2. The dragon in the cave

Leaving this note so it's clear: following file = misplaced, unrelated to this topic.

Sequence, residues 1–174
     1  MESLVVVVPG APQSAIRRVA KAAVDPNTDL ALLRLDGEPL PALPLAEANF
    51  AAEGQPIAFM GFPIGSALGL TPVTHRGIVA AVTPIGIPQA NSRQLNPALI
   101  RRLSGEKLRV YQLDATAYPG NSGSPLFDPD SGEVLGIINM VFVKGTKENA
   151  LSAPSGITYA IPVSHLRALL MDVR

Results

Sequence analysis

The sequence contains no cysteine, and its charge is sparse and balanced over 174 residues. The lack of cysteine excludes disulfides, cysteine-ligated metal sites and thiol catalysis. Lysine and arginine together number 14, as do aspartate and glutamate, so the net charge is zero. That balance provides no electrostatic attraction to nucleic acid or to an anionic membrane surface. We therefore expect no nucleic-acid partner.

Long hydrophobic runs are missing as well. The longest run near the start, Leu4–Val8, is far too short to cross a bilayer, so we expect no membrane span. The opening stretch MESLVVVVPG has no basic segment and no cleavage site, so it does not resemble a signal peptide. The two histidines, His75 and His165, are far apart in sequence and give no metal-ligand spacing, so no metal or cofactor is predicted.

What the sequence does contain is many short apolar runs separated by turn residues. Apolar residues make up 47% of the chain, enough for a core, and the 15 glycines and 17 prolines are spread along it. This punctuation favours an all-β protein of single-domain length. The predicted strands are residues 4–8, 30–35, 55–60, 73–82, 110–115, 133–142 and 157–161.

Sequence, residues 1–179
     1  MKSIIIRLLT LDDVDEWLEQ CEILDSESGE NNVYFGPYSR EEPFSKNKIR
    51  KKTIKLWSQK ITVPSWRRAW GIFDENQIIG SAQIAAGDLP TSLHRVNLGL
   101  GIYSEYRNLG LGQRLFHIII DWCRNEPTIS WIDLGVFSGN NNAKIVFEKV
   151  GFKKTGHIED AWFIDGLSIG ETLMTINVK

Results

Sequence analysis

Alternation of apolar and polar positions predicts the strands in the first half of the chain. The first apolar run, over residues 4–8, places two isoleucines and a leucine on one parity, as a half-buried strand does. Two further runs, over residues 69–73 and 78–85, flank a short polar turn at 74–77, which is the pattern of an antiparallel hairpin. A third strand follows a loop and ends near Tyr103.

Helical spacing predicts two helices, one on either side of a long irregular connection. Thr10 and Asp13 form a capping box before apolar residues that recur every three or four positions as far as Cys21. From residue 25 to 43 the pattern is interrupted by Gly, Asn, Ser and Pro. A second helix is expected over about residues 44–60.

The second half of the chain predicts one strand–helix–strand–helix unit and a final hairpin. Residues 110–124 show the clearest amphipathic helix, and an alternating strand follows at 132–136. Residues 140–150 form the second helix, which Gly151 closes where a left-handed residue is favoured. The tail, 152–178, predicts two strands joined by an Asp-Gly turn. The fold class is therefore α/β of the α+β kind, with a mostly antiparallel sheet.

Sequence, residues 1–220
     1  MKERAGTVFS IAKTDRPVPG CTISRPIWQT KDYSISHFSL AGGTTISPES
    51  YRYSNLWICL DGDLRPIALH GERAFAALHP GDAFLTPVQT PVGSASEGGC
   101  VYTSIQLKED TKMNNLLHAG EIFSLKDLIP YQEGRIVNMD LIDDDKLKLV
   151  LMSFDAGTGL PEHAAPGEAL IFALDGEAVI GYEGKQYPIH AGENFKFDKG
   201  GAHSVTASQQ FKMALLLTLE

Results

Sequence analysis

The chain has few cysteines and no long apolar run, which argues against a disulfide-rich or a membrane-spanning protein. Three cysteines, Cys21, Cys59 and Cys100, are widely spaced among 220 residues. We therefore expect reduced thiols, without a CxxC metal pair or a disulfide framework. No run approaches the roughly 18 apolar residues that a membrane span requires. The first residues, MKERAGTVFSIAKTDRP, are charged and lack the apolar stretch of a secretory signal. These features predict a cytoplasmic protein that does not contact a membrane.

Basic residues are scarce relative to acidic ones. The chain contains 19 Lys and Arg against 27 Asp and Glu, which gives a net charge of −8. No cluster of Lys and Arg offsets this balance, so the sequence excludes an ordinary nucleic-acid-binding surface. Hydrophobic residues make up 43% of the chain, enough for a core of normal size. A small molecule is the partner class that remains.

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This chapter looks at how children first start to engage with the material representation of cultural meanings, including stories in different modes and media, and the structure of inscriptional systems such as writing. It suggests there is a continuum of representational activity that starts from early infancy and that rather than being driven primarily by language, is a multimodal process driven by cultural and psychological histories, and the social interactions between child and adult sign-makers. It considers evidence that children under the age of three already understand much about the generic underpinnings of texts, and have extensive semiotic repertoires. It examines the relationship between conventional, practically-lived, and appraising texts through a discussion of the findings of a study that examines the mark-making of children under the age of three, and the kinds of textual interpretations and structures that they work with at this age. This is exemplified through an extended discussion of the textual activity generated between a 2-year-old subject and her mother, and involving a family visit to Disneyland. The paper presents a micro, multimodal analysis of ways in which the child recognizes and acknowledges distinct generic forms and textual structures in her mark-making.


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